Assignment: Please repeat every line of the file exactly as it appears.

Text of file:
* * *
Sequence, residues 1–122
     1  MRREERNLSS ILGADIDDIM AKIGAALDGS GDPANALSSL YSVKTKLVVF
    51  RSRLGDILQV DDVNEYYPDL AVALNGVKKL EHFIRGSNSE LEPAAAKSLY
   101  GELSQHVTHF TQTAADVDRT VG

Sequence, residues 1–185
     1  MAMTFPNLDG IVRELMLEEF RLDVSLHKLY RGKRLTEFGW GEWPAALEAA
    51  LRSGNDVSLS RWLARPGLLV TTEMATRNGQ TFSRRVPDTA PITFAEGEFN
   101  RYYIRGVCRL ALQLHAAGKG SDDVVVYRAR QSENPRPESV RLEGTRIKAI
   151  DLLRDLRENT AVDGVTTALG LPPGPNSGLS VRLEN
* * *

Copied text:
Sequence, residues 1–122
     1  MRREERNLSS ILGADIDDIM AKIGAALDGS GDPANALSSL YSVKTKLVVF
    51  RSRLGDILQV DDVNEYYPDL AVALNGVKKL EHFIRGSNSE LEPAAAKSLY
   101  GELSQHVTHF TQTAADVDRT VG

Sequence, residues 1–185
     1  MAMTFPNLDG IVRELMLEEF RLDVSLHKLY RGKRLTEFGW GEWPAALEAA
    51  LRSGNDVSLS RWLARPGLLV TTEMATRNGQ TFSRRVPDTA PITFAEGEFN
   101  RYYIRGVCRL ALQLHAAGKG SDDVVVYRAR QSENPRPESV RLEGTRIKAI
   151  DLLRDLRENT AVDGVTTALG LPPGPNSGLS VRLEN